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The Real Me: Life with a Sensory Integration Disorder

Ruchie Bromberg

Let’s meet Akiva and discover what life is like with a sensory integration disorder. And I can’t wait to hear your story. I would love to interview you!

Wednesday, May 09, 2018

Name: Akiva

Location: Modiin Illit 

Age: 12

Dear Readers, 

Have you ever been bothered by your clothing? Do the tags on your shirt bother your skin? Do you hate being hugged? Do loud noises bother you?

All our knowledge about the world around us is acquired through our senses. The information is sent to the brain and the brain interprets and organizes it, giving us the ability to respond correctly. This is known as sensory integration.

In some kids, sensory integration doesn’t develop as it should. They suffer from sensory integration dysfunction. The information that their senses pick up is not organized correctly in their brain. These kids can be affected in many different ways. Let us meet Akiva and discover what life is like with a sensory integration disorder.

Can’t wait to hear your story. I would love to interview you!

All the best,


Dear Diary,

Oh, no, there goes the alarm clock again. The sound really drives me crazy. I have to get up and get ready for school, but I can’t do anything with that terrible, piercing sound. Quickly, I turn off the alarm clock and take a deep breath. I am getting more used to the noise, but it still bothers me a lot.

I am pretty good at remembering to prepare my clothes the night before. When I was younger, the tags in my shirt would feel like sandpaper scratching against my back. Eventually, I cut all the tags out of my clothes and solved that problem. I usually try to cut off the tags right when I get new clothing so I never have to feel the tag rubbing against my skin.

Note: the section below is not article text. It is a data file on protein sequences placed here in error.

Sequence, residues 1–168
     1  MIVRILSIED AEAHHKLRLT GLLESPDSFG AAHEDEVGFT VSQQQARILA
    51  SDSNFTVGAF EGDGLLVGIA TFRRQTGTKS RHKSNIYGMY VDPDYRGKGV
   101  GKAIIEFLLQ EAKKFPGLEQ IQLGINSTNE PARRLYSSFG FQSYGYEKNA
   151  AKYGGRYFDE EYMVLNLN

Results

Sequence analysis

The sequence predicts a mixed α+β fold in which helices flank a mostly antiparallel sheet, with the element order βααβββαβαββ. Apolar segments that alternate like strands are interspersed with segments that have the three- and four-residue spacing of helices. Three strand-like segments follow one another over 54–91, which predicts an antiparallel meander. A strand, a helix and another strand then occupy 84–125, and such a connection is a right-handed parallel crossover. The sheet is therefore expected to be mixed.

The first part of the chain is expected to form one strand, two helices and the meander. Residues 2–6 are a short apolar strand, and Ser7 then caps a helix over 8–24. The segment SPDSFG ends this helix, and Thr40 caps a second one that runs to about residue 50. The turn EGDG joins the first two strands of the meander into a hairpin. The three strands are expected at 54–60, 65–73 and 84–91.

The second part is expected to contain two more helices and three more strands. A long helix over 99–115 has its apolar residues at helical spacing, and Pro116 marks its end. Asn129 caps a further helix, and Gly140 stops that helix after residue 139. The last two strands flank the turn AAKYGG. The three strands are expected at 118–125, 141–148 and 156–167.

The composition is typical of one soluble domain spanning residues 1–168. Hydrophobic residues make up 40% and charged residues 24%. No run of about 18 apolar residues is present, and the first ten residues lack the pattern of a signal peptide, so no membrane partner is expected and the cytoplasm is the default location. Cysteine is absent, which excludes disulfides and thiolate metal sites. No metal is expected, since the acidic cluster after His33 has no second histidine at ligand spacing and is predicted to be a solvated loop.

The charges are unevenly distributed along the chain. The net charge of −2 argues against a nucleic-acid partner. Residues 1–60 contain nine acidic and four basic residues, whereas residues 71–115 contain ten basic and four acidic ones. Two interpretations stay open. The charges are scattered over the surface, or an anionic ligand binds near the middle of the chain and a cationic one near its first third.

I also only like to wear cotton pants. It isn’t always easy to find the exact material that I like, but if I’m wearing itchy pants, I can’t focus all day. All I want to do is get into my comfortable pajamas. Once I was having a very hard time getting ready in the morning and my mother threatened to take me to school in my pajamas. I loved the idea. I knew she wouldn’t really do it, but I almost wished she would. I couldn’t explain why, but the thought of scratchy pants just made me cringe.

This morning, my mother is in a rush and I didn’t want to bother her to make my oatmeal, but only my mother makes it just the way I like it. I don’t like eating anything else in the morning. I used to have just oatmeal with brown sugar added, but my mother put in bananas the other week. I don’t like to try new things, but I forced myself to try. I actually got used to it after a while.

I think I am finally ready to leave for school. Honestly, I hate the school bus. It’s so loud and noisy. My parents bought me earphones to listen to music. It was the best birthday present I ever got. The earphones block out a good part of the loud noises on the bus, and now I can tolerate riding on one. (Excerpted from Mishpacha Jr., Issue 709)

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